Gay men blood donation ban

  • Posted by a hidden member.
    Log in to view his profile

    Sep 24, 2014 5:26 PM GMT
    I think it's stupid that we can't donate blood.
  • Posted by a hidden member.
    Log in to view his profile

    Sep 25, 2014 6:48 PM GMT
    Agreed.
  • Posted by a hidden member.
    Log in to view his profile

    Sep 25, 2014 6:56 PM GMT
    Not that I would if I could...

    Is donated blood given away for free?
  • Posted by a hidden member.
    Log in to view his profile

    Sep 25, 2014 8:56 PM GMT
    I would always donate blood but ever since I gave a guy a bj I stopped icon_sad.gif
  • janu88

    Posts: 346

    Sep 25, 2014 10:27 PM GMT
    You can donate blood even when your gay icon_lol.gif

    or do they "test" your gayness before ? icon_cool.gif
  • Posted by a hidden member.
    Log in to view his profile

    Sep 25, 2014 10:50 PM GMT
    From what I understand all donations are tested for HIV so why not?
  • Posted by a hidden member.
    Log in to view his profile

    Sep 25, 2014 10:51 PM GMT
    pazzy saidwell, here's an interesting question.


    why hasn't the hrc or any of these gay rights organizations try to challenge that shit in court or setting something up using gay male virgins? i'm serious... you know, like some discrimination shit where folks are being denied the right to give blood simply because of their sexual orientation.

    when you think about it, that shit is really stupid though? a straight person could give blood but a gay person can't? all because of what hiv? do they realize that hiv isn't a gay disease? let me guess, the religious folks run the blood banks?


    Because there's no such thing as a "right" to give blood.
  • Posted by a hidden member.
    Log in to view his profile

    Sep 25, 2014 10:52 PM GMT
    bon_pan saidNot that I would if I could...

    Is donated blood given away for free?


    No, it costs money to take the donations from the donor, process, test, and store. Perhaps the government should give a tax break to regular donors.
  • Posted by a hidden member.
    Log in to view his profile

    Sep 25, 2014 10:57 PM GMT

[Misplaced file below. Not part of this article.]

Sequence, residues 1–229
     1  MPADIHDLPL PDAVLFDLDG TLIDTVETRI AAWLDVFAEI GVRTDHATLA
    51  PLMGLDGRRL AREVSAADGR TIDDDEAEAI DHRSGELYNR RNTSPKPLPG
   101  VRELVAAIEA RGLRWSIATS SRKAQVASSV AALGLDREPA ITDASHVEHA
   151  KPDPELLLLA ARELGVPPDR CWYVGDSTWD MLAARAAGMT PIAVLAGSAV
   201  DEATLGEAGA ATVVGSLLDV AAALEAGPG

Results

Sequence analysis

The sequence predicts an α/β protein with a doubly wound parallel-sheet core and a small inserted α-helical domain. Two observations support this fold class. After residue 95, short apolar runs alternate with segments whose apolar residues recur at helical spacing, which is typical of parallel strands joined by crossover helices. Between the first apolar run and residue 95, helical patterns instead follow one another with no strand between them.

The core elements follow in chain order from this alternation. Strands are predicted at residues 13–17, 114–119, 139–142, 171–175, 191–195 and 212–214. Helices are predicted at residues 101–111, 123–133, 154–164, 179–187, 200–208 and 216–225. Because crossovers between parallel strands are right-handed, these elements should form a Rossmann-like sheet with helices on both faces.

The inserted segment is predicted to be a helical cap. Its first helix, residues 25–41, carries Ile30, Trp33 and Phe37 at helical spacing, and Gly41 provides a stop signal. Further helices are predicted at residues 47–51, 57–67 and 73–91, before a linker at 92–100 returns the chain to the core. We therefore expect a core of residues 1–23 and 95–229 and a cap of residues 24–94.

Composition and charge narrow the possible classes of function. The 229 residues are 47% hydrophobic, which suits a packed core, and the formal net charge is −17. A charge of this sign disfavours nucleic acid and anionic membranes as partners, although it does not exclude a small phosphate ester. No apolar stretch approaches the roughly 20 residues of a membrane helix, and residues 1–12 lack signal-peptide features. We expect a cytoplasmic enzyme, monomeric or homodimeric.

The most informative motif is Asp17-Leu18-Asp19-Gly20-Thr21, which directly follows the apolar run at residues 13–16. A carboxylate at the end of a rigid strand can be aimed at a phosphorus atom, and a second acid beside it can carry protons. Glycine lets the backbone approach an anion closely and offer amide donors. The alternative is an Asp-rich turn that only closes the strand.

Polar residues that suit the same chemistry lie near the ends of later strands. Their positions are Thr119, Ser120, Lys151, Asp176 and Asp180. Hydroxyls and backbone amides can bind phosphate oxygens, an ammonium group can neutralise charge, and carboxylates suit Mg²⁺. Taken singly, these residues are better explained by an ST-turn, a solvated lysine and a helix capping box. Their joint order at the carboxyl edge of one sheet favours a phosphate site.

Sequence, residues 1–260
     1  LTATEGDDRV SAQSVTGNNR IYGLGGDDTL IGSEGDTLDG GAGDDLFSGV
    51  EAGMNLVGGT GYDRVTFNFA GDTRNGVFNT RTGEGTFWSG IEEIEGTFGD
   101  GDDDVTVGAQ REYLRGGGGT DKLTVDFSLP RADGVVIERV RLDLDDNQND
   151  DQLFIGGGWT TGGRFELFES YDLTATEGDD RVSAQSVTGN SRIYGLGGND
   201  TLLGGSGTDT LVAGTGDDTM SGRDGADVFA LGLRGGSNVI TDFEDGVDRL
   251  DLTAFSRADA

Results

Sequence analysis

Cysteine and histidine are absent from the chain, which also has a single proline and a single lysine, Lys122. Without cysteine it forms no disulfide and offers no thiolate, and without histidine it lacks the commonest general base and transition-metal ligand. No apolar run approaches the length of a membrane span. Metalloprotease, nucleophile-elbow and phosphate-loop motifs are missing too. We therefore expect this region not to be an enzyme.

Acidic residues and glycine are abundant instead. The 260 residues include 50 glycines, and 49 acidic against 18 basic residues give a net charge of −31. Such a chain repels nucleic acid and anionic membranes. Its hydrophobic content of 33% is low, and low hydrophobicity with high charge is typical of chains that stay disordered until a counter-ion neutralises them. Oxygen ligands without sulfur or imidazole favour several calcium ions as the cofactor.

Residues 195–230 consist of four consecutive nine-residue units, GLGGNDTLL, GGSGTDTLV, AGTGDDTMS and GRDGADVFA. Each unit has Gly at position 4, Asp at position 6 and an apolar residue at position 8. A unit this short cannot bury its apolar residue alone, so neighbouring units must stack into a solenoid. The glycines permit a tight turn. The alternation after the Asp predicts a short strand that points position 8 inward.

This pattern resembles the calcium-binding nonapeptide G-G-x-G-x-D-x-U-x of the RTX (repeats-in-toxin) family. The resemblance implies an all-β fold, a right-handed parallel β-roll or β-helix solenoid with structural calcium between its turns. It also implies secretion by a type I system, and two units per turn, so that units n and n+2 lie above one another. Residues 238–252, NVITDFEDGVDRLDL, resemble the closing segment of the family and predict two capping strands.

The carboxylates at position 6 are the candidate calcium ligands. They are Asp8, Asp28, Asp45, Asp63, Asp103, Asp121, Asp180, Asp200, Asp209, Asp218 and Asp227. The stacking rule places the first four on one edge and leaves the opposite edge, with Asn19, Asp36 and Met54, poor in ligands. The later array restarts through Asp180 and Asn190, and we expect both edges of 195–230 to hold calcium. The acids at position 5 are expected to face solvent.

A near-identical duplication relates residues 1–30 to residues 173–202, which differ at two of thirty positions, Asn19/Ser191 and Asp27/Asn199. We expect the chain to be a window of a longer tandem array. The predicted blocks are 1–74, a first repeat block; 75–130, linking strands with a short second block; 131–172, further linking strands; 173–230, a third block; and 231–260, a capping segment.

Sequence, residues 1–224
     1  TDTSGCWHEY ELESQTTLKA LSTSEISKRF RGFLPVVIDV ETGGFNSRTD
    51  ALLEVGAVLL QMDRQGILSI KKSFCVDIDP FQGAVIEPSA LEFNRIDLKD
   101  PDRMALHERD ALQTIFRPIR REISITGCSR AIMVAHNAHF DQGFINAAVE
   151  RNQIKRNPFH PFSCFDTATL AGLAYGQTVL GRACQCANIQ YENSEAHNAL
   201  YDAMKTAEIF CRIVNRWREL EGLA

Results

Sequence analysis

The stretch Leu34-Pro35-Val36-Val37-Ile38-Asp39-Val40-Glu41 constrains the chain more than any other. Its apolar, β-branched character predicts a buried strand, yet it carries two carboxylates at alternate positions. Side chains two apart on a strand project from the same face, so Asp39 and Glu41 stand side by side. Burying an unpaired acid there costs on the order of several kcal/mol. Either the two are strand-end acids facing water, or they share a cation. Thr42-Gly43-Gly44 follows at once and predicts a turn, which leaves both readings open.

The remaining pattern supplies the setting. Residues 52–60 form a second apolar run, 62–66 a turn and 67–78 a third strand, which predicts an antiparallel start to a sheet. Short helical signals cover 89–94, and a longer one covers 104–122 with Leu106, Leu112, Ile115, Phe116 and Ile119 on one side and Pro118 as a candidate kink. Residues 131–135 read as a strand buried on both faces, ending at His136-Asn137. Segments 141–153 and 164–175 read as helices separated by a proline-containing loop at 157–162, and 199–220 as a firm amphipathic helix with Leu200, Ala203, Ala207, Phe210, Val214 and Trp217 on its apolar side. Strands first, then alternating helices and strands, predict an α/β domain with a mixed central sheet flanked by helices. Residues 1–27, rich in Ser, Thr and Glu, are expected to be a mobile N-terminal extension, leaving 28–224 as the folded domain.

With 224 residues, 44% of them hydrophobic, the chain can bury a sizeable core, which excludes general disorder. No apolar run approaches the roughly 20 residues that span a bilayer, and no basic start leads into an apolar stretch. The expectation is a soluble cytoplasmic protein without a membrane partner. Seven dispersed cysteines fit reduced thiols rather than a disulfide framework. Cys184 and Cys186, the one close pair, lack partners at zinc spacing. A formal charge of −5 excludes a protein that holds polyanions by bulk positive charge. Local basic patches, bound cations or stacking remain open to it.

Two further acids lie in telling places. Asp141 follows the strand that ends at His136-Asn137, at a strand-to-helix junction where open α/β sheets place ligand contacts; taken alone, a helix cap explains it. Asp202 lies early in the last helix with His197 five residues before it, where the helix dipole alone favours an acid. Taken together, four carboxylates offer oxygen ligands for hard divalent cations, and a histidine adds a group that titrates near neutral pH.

pazzy said
    sf_swimmer said
    pazzy saidwell, here's an interesting question.


    why hasn't the hrc or any of these gay rights organizations try to challenge that shit in court or setting something up using gay male virgins? i'm serious... you know, like some discrimination shit where folks are being denied the right to give blood simply because of their sexual orientation.

    when you think about it, that shit is really stupid though? a straight person could give blood but a gay person can't? all because of what hiv? do they realize that hiv isn't a gay disease? let me guess, the religious folks run the blood banks?


    Because there's no such thing as a "right" to give blood.


    http://www.fda.gov/biologicsbloodvaccines/bloodbloodproducts/questionsaboutblood/ucm108186.htm

    are you sure about that??????


    Yes. Where in the law does it say that someone or something has to accept someone's donation of blood? You've linked to an explanation provided for public-relations purposes.
  • Posted by a hidden member.
    Log in to view his profile

    Sep 25, 2014 11:17 PM GMT
    pazzy said
    sf_swimmer said
    pazzy said
    sf_swimmer said
    pazzy saidwell, here's an interesting question.


    why hasn't the hrc or any of these gay rights organizations try to challenge that shit in court or setting something up using gay male virgins? i'm serious... you know, like some discrimination shit where folks are being denied the right to give blood simply because of their sexual orientation.

    when you think about it, that shit is really stupid though? a straight person could give blood but a gay person can't? all because of what hiv? do they realize that hiv isn't a gay disease? let me guess, the religious folks run the blood banks?


    Because there's no such thing as a "right" to give blood.


    http://www.fda.gov/biologicsbloodvaccines/bloodbloodproducts/questionsaboutblood/ucm108186.htm

    are you sure about that??????


    Yes. Where in the law does it say that someone or something has to accept your blood?


    that's not the point. it's about the government discriminating someone based off of their sexual orientation. how is that any different than kids who openly identify as being gay being denied going to public schools because they're more likely to be the target of bullying. it's basically them using something that's going on with some guys and using it as an excuse to shut out an entire group. i don't see them denying straight people and obviously, there's some straight people that have hiv, stds and all sorts of diseases. it's discriminatory.